Guest Column | February 27, 2014

Help Your Brick-And-Mortar Retail Customers Make Mobile Work For Them

Brick And Mortar Mobile Retail

By Courtney Mamuscia, Verint Video Intelligence Solutions

It’s no secret that mobile technology has changed our lives. We are now able to be in contact with anyone and access the tiniest minutia of information from nearly anywhere in the world using our increasingly sophisticated smartphones and tablets. And increasingly, these mobile capabilities are also transforming another aspect of modern life: how consumers shop.

The Growing Mobile Trend

During the 2012 holiday season, 63 percent of shoppers said they used multiple devices to help with their holiday purchases. Of those surveyed, 65 percent relied on smartphones, and 66 percent used tablets to shop during the holidays. And that’s just the tip of the iceberg: According to Juniper Research, sales via mobile devices were expected to top $1.5 trillion by the end of 2013.

A growing number of consumers are using mobile technology to not only shop on their mobile devices, but also do product research. Shoppers can look up online reviews while browsing in a store, or they can simply shop on their device from anywhere they desire.

While the majority of holiday shopping revenue is still generated by brick-and-mortar locations, many of these stores are slowly losing the battle against online retailers like and Wayfair. That’s why traditional retailers must differentiate themselves from online shops, while also embracing consumers’ growing use of mobile technology.

Catering To Mobile Shoppers

Today’s brick-and-mortar retailers have an opportunity to make mobile work for them, rather than against them. Advanced retail analytics technology can help immensely. These systems leverage a company’s existing surveillance technology to gather and make sense of data from across the enterprise, including the retail store, the Web, call centers, and more. They then provide actionable information to people throughout the organization — in marketing, merchandising, store planning, and loss prevention — to enable the retailer to better serve its customers and better inform its employees.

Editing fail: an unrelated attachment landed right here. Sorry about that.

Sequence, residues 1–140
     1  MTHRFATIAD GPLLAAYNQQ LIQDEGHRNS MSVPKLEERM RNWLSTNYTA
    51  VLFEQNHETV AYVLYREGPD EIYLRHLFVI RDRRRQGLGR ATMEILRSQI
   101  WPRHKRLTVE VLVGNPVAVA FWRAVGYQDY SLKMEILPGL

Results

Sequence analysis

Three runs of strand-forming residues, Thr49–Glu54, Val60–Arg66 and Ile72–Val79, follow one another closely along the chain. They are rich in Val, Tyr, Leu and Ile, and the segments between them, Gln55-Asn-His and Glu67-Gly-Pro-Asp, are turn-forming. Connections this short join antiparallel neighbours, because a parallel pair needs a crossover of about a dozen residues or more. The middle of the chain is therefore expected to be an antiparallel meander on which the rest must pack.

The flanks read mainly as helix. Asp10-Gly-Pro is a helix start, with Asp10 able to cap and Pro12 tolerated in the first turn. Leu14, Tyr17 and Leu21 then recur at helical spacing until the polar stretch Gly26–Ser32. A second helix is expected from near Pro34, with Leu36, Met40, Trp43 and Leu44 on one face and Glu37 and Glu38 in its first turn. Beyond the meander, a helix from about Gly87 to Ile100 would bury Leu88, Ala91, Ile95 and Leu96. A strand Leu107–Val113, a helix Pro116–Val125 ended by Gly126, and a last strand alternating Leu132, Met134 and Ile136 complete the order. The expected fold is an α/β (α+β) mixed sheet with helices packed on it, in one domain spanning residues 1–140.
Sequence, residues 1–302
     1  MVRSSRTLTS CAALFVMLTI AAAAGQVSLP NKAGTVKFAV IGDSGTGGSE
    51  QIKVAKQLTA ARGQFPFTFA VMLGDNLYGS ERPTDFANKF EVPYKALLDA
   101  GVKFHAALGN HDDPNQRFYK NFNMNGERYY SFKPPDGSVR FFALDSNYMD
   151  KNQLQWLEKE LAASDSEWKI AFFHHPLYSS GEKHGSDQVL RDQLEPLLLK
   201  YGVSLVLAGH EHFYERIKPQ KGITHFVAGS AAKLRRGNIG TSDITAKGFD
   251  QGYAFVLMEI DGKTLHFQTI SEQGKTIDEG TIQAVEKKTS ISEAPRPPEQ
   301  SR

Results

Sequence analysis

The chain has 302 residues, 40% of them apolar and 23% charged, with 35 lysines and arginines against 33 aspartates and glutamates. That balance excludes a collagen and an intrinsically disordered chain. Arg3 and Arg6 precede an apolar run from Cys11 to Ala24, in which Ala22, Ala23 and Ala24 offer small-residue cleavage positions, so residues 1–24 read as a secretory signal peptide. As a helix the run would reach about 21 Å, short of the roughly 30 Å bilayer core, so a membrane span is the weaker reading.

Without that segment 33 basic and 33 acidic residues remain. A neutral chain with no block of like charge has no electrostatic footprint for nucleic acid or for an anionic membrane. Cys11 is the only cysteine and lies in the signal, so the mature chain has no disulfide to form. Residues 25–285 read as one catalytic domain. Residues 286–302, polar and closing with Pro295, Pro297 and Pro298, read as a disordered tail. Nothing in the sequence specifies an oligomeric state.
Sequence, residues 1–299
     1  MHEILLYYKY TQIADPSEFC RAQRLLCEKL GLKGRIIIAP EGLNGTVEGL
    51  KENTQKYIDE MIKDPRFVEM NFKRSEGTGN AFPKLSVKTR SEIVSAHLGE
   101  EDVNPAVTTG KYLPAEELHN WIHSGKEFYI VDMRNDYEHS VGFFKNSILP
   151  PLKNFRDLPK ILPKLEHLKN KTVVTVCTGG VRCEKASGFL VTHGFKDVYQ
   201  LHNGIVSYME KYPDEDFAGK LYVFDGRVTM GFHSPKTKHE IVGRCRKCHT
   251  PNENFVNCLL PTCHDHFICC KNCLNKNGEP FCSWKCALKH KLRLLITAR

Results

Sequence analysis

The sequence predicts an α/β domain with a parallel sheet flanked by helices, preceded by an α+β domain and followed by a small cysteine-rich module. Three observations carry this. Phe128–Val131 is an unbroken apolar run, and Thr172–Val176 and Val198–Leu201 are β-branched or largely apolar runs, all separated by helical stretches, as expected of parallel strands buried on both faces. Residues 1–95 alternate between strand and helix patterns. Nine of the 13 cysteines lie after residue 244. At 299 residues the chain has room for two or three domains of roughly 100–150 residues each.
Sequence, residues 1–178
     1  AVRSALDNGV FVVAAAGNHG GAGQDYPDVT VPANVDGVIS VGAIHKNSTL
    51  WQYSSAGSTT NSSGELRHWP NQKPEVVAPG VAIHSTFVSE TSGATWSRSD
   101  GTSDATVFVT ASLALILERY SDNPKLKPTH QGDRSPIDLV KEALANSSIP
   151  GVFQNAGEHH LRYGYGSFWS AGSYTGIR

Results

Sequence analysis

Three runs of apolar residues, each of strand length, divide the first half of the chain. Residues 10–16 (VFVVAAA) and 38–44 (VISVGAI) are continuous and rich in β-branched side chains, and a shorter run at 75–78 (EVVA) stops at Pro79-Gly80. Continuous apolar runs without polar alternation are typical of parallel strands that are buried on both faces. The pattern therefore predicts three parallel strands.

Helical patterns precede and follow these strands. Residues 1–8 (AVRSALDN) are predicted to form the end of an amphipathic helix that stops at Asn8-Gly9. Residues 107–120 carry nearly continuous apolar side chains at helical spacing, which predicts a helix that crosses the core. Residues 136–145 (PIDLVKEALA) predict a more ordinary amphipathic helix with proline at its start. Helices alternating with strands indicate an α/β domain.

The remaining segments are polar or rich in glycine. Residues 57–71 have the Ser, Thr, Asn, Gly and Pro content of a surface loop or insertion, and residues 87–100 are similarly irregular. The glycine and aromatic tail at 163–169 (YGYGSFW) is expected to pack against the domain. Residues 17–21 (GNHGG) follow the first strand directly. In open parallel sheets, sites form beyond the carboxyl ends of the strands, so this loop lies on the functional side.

Retail analytics can help distinguish a brick-and-mortar store by improving the customer experience in a number of ways. By providing detailed information to employees, they become better informed and more helpful for customers — a strong selling point against online-only retailers. Using analytics data on customer traffic patterns, dwell time and queue length, the store can maximize the effectiveness of their merchandising and reduce waiting to ensure that each customer can quickly and easily find exactly what they need.

Finally, managers can improve the store’s lighting, sound, and décor to make it more of a destination, rather than a quick stop. They could even provide free in-store Wi-Fi to actually encourage shoppers to log on and do a little product research, connect with friends or share their experiences on social media.

These types of small changes have a big impact on customers by making them feel comfortable and understood. This can encourage them to come back regularly — instead of logging on to Amazon yet another time.